A zoo owner who's dedicated her life to saving animals is left with a deadly disease after she was bitten by an insect in the jungle.
It is thought Rebecca Willers's condition was triggered while she was helping to combat tiger poaching on the Indonesian island of Sumatra.
It's left the director of Shepreth Zoo in Cambridgeshire with a disease that could kill her and which is already having a major impact on her life.
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An untreatable medical condition which is likely to end, or at least shorten, her life.
Probably triggered by an insect bite or parasite Diffuse Systemic Sclerosis causes Rebecca's immune system to attack healthy cells.
Conservation expert Bill Oddie has been in the region today to spread the word that zoos can be a force for good.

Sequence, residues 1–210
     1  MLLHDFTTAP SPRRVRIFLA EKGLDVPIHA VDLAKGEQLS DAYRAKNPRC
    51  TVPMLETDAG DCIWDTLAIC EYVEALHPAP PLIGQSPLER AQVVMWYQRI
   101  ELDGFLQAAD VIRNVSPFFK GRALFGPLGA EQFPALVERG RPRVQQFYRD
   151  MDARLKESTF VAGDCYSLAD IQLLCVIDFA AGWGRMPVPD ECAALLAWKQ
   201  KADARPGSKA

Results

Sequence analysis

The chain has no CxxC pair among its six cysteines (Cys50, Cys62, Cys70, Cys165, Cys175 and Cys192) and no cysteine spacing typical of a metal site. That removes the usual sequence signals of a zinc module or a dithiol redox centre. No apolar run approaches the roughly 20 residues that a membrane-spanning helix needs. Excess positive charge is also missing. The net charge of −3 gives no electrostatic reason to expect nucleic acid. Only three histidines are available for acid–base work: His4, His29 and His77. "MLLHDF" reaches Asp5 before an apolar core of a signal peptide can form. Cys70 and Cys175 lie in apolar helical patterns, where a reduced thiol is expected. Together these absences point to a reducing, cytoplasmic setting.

The former Goodie was joining in the Love Your Zoo celebrations at Shepreth Wildlife Park in Cambridgeshire.
Liz Summers has this report.
A wildlife park near Cambridge is putting GPS tags on hedgehogs that it's planning to release from its hedgehog hospital, so they can be tracked once they're back in the wild.
It means staff at Shepreth Wildlife Park can follow their movements on computer.
The box only weighs 50 grams and is attached to the spines.
The aim is to find out more about how well the hedgehogs survive once they're released. 24 hedgehogs are taking part in the GPS tag project. The plan is to release them at secret locations.